This blog was contributed by James Demetrius, Tech Guru at TBI. James is an accomplished Solution Architect with over 30 years of experience working with Fortune 100 companies on complex IT solutions, focusing on cloud, colocation, managed hosting and hybrid computing.
Disaster Recovery as a Service, or DRaaS as it is more commonly known, is an essential part of a well thought out business continuity (BC) plan. Business continuity plans refer to the systems of prevention and recovery that are put in place to deal with potential threats. I typically ask companies that I am working with if they have a disaster recovery plan in place to safeguard their key IT systems that run their business applications. There are two types of businesses, the ones who understand the importance of DRaaS and business continuity and have plans in place and those that don’t understand the full scope of DRaaS and business continuity and therefore do not have plans in place to safeguard themselves against potential threats.
For those that don’t really understand the importance of DRaaS and business continuity, oftentimes the reason is something along the lines of, “We take backups every day.” Although that is a solid practice, backups are not the same as disaster recovery. While taking backups is essential to safeguarding data, those backups need to be moved offsite, away from the place where the compute is occurring, whether that is onsite in a corporate building or a co-location facility. The reason for moving the data offsite is fairly simply: if a disaster compromises the facility—be it fire, flood, electrical or other natural disaster—companies would not want the backups destroyed along with the originals.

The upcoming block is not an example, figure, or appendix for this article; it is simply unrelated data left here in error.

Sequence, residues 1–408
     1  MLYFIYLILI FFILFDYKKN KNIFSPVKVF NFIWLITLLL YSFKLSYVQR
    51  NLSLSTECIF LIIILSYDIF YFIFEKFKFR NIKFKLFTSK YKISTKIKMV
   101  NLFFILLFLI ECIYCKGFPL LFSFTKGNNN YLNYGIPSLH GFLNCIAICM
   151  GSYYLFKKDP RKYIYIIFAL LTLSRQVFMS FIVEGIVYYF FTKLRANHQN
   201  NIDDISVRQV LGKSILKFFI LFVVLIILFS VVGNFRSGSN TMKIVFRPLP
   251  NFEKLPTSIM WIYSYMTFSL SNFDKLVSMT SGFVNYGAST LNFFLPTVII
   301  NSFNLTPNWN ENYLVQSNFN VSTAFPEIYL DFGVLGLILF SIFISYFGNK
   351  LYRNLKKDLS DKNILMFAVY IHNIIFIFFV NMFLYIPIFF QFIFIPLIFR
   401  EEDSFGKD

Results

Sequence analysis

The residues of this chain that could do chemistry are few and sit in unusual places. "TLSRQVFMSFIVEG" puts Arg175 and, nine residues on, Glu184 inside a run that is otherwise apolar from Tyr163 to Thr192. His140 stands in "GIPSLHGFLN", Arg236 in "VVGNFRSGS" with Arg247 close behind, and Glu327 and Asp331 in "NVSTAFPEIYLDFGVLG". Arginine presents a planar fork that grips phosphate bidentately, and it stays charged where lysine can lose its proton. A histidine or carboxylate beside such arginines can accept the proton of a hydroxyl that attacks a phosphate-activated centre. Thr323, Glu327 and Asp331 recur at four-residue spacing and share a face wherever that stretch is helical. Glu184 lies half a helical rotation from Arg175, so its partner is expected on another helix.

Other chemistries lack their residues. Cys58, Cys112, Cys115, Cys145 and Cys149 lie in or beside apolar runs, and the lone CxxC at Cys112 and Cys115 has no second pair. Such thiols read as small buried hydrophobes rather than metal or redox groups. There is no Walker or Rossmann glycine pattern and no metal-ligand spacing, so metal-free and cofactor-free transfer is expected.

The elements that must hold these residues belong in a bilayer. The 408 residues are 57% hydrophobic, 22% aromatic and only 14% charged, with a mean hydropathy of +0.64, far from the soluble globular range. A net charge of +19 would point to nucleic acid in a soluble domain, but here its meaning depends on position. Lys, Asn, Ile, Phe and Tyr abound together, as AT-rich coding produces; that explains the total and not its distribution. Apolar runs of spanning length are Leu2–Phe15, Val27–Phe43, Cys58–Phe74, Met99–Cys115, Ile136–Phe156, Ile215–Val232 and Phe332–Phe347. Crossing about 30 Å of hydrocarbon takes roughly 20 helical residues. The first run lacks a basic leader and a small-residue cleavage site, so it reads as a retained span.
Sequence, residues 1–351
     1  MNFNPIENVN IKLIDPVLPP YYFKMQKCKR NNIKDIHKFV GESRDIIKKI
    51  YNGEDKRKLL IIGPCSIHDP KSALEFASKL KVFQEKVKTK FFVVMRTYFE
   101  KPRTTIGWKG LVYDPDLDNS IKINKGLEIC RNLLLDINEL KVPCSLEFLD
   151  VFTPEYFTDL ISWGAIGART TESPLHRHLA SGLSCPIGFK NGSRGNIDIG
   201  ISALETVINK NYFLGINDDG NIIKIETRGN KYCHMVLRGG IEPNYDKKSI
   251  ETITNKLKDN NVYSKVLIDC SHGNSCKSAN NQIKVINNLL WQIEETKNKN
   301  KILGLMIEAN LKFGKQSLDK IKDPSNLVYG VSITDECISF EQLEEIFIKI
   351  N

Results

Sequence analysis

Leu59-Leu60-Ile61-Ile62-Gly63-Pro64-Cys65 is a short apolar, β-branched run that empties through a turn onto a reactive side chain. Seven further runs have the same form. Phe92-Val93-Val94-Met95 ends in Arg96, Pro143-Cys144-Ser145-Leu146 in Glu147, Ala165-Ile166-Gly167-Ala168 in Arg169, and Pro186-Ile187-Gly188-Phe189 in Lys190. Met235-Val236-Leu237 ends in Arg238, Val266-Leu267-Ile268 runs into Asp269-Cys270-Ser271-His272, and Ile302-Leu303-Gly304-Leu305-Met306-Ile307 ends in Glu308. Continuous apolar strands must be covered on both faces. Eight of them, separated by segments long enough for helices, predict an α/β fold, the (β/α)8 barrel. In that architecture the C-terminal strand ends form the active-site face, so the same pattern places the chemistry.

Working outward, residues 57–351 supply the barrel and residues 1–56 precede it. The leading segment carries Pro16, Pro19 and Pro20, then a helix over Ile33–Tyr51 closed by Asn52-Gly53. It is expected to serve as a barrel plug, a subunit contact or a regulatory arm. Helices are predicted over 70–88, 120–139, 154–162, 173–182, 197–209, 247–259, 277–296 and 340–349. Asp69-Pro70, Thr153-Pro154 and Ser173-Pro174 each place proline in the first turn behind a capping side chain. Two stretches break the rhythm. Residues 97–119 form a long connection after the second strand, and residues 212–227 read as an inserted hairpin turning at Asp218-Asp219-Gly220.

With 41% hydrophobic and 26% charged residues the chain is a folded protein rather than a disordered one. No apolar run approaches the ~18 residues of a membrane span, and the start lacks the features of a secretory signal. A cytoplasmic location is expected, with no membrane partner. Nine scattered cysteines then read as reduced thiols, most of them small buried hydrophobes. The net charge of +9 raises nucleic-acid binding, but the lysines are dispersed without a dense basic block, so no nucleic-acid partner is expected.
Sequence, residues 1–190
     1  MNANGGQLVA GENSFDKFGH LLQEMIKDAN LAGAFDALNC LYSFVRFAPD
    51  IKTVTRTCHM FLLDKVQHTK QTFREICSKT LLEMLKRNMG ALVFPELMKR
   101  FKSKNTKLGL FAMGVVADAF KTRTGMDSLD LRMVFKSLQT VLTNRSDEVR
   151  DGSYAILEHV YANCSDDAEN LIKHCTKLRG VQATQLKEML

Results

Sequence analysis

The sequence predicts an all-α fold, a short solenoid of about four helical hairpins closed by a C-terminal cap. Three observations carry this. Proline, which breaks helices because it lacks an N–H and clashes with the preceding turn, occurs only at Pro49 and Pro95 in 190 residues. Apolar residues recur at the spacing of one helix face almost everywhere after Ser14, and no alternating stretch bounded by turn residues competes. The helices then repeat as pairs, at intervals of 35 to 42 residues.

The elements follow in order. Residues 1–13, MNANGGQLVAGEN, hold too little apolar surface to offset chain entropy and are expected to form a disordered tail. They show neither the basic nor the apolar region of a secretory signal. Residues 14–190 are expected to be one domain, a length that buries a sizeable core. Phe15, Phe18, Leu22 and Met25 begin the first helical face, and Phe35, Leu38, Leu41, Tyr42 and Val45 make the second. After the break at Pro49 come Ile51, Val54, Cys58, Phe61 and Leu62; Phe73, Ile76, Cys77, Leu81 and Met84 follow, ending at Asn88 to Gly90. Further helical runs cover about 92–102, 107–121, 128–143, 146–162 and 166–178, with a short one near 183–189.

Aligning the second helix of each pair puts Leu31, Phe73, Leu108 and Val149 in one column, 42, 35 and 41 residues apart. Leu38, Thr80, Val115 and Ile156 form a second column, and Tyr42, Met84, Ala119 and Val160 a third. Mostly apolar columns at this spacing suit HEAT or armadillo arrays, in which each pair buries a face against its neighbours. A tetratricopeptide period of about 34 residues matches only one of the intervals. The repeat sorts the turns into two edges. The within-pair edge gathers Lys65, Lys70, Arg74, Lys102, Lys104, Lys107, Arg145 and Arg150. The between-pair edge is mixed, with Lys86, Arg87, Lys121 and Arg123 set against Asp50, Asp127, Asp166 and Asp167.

For businesses that understand the true meaning and importance of data recovery and business continuity plans, the conversation about DRaaS is a bit different. Companies with a business continuity plan and disaster recovery as a component understand the seriousness of disaster recovery and the essential need for critical business applications to be backed up in order to maintain regular business operations.
The need for organizations to back their data up and have a recovery plan in place is more vital now than ever before. This is evidenced in the news every day with the ever-growing number of data breaches and systems held for ransom by bad actors. The problem faced by most companies is that they lack the resources and skills to perform the needed backups and disaster recovery plans. The value of DRaaS becomes apparent when faced with limited IT resources; it provides a solution that can be implemented easily via the cloud and/or co-location options that are readily available. With DRaaS, firm can opt to take only partial or even no involvement in a disaster recovery solution. Meaning, businesses can assume responsibility of invoking a disaster recovery solution in the event of a service disruption, or they can set it on automatic, enabling the target site to start automatically when an event occurs, allowing for minimal down time.